Many of my middle-aged women patients ask me similar versions of the same question: why isn’t this weight loss technique that has always worked for me in the past working now?
The answer lies in the complex ways that our hormones change and impact our metabolisms during perimenopause.
I advise them that continuing the same diet plan that worked well in their 20s will not yield the same results in their 40s and beyond. Here are five dieting mistakes related to menopause weight gain to look out for, along with better strategies that meet your new metabolic needs.
In a natural process called sarcopenia, your lean muscle mass declines by about one percent per year beginning at age 30 and accelerates in your 40s. One of the many problems this poses to women and men alike is that your basal metabolic speed is in large part determined by how much lean muscle mass you have.
In other words, as you lose muscle, your metabolism slows down accordingly, and is generally replaced by fat. For women, these fat cells aggregate around the waistline.
The most effective way to counteract sarcopenia is through a strength training regimen, or working out with weights. The good news for women in perimenopause is that lean muscle mass can be replaced effectively with as little as two strength training sessions per week.
Not only will strength training reverse muscle loss and help you to lose weight, it also provides the following health benefits: sharpening memory and cognitive abilities; strengthening bones; lowering stress levels; and reducing risks for type 2 diabetes, high blood pressure, heart disease, and some forms of cancer.
It is never too late to start weight lifting. Try exercises that work several muscle groups at a time, and increase in weight and intensity as you progress. My colleague, Dr. Wayne L. Westcott, who directs the Exercise Science Program at Quincy College has written over 28 books on strength training, has recently released a book entitled Building Strength and Stamina that is perfect for beginners.
Closely related to my first point, your body requires fewer calories as you age. This happens due to a combination of hormonal and environmental factors. The end result? If you are eating the same amount of food as you did in your 20s, you are probably eating too much.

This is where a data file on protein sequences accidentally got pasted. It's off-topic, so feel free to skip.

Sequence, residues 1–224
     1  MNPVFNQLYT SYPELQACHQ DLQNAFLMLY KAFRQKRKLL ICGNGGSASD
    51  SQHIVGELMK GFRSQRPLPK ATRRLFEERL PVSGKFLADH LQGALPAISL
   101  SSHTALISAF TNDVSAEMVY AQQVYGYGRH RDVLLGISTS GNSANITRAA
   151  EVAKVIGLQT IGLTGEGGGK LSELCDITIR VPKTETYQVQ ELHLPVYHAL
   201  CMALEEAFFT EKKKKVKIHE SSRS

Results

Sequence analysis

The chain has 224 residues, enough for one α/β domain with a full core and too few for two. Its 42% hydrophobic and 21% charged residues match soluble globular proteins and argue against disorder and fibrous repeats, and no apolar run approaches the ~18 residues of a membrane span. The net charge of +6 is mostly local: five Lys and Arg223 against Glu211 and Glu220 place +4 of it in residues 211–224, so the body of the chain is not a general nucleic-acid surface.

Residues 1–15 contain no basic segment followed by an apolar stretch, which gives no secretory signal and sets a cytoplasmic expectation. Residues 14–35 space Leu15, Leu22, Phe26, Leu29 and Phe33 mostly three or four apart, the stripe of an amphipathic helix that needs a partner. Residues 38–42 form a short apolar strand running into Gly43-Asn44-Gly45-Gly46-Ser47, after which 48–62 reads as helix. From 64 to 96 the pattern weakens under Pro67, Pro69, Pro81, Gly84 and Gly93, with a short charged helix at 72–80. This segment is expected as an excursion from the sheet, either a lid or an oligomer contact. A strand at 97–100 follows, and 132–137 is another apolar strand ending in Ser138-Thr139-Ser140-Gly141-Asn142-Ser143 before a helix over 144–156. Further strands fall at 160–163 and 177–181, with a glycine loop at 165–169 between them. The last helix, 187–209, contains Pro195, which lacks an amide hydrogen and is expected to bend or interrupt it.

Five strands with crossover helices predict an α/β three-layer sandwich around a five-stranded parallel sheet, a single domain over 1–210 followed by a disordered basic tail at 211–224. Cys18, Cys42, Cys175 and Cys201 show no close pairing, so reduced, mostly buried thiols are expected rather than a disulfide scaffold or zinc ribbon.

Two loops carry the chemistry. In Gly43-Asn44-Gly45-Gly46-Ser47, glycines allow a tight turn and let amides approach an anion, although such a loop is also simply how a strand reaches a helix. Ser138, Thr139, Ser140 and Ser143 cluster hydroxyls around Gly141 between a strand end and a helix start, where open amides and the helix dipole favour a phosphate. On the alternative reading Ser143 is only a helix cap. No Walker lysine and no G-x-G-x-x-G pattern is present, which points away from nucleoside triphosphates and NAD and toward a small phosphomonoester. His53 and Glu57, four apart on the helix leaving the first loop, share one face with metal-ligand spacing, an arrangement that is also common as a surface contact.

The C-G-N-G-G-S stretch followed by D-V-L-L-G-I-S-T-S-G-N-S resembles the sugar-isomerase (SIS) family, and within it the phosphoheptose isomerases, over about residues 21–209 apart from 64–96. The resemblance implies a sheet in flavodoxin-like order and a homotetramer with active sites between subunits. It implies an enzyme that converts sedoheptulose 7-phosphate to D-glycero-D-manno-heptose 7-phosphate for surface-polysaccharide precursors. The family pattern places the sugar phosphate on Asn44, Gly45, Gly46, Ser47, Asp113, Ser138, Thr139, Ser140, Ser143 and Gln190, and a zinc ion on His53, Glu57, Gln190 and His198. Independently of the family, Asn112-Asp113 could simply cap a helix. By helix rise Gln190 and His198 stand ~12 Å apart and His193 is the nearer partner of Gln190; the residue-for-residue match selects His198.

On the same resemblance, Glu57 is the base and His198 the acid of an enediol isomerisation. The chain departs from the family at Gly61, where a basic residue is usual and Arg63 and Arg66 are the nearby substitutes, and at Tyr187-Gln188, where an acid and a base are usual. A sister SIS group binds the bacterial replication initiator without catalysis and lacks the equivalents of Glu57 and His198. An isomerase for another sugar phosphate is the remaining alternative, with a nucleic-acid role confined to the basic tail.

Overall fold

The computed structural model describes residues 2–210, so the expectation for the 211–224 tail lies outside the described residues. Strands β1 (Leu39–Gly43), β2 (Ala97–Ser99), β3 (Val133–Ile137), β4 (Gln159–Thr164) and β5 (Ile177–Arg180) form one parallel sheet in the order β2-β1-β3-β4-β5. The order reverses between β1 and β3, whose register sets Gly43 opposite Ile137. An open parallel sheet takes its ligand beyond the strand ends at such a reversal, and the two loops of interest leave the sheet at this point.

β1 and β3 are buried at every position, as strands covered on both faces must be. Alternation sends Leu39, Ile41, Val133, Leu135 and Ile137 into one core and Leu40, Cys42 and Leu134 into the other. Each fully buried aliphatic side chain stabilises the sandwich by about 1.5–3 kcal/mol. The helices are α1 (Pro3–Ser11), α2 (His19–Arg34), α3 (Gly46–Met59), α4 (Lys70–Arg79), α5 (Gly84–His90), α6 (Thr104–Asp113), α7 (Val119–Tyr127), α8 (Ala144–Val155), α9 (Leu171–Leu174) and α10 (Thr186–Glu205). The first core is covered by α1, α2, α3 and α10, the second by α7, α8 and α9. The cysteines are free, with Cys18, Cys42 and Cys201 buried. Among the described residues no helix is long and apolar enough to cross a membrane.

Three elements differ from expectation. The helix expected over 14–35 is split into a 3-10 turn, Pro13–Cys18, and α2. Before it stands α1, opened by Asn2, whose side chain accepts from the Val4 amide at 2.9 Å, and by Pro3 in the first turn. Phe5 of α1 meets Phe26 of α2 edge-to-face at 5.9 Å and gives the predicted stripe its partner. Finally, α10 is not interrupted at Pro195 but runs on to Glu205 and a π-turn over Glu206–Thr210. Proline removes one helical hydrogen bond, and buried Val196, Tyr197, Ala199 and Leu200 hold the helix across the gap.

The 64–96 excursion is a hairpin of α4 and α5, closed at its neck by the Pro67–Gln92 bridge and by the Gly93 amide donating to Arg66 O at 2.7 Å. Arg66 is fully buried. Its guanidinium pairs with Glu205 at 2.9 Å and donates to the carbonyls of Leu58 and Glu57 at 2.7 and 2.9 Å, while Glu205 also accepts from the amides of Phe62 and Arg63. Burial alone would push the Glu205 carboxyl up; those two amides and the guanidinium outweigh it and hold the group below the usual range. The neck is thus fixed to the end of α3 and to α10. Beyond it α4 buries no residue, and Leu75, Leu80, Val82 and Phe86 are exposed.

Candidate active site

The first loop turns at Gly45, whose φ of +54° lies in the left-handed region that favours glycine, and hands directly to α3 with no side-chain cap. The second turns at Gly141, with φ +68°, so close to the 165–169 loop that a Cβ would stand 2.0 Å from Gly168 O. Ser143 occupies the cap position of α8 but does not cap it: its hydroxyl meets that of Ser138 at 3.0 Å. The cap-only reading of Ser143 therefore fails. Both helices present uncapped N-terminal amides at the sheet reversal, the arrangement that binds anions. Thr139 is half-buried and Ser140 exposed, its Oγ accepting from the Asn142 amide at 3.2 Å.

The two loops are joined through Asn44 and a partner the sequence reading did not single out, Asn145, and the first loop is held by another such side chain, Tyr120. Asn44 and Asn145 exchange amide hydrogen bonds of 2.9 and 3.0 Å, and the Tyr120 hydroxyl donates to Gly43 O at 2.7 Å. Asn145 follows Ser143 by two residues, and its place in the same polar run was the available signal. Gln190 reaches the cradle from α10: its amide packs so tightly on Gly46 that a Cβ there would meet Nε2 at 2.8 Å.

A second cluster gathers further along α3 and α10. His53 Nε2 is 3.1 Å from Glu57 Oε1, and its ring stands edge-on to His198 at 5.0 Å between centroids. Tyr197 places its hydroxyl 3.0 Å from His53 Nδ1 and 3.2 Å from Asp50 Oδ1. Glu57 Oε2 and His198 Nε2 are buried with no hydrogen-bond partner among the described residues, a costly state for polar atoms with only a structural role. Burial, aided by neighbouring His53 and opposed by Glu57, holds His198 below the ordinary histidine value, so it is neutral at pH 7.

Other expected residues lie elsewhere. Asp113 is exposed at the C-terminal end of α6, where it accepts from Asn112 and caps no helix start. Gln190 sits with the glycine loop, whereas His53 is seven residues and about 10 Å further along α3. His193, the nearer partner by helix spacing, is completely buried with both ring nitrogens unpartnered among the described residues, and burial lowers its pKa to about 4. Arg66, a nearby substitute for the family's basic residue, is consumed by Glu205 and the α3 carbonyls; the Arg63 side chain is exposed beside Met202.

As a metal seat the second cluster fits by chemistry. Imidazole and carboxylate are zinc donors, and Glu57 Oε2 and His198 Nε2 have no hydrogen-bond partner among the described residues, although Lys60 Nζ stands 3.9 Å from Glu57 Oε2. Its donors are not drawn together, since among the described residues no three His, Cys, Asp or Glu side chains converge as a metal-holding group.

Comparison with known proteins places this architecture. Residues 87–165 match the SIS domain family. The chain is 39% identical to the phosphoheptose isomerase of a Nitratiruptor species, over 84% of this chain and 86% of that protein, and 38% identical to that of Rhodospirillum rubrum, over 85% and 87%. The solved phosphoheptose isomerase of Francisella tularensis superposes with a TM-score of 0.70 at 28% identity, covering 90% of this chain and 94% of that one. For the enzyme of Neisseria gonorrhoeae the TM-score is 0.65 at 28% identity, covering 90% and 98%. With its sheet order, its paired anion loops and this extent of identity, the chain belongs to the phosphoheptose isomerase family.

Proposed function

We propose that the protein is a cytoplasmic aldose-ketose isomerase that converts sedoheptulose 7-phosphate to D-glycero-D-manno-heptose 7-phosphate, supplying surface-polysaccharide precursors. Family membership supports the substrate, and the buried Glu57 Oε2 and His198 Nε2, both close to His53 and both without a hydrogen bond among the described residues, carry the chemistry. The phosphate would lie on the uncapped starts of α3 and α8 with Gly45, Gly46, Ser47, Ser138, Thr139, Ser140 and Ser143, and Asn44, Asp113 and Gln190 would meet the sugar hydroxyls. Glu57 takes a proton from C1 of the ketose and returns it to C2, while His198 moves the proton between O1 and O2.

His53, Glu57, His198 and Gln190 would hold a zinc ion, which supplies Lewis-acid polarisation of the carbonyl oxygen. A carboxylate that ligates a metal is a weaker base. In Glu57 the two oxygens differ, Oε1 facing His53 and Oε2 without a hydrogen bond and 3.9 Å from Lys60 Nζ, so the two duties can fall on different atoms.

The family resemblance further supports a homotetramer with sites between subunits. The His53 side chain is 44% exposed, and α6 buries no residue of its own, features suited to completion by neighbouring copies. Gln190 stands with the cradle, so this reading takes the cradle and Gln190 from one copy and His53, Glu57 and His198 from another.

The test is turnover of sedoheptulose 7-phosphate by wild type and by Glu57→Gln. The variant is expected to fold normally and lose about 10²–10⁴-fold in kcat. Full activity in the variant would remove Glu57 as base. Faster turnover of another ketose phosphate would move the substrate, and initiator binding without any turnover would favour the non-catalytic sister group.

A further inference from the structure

By age 45, the average person burns about 200 fewer calories per day as compared to age 25. This may not sound like a big difference, but if no dietary adjustments are made, this deficit will add up to 12 pounds of excess weight over the course of a year.
I advise my middle-aged patients to switch to a high protein, whole foods diets to cut back on calories without feeling hungry. Protein is the most satisfying of the macronutrients and keeps blood sugar levels stable longer than fats or carbohydrates. Build meals around lean protein sources, such as fish, poultry, and lean meats, add in a variety of fresh produce, and limited amounts of whole grains for meals that will keep you feeling full longer on less.
Another excellent strategy to cut back on calories without hunger pangs is to swap out a meal with a high protein smoothie. This encourages your body to tap into excess fat for energy, while simultaneously protecting the muscles. I offer many recipes for smoothies on my blog.
There are two types of natural sugar found in whole foods: lactose, the sugar naturally occurring in milk and fructose, the sugar naturally occurring in fruit. When these sugars are eaten in their natural, unprocessed forms, they are consumed in a package that includes fiber, nutrients, and in some cases, protein that stabilize blood sugar. They have a lower glycemic index and do not promote fat storage in the body or trigger addiction centers in the brain.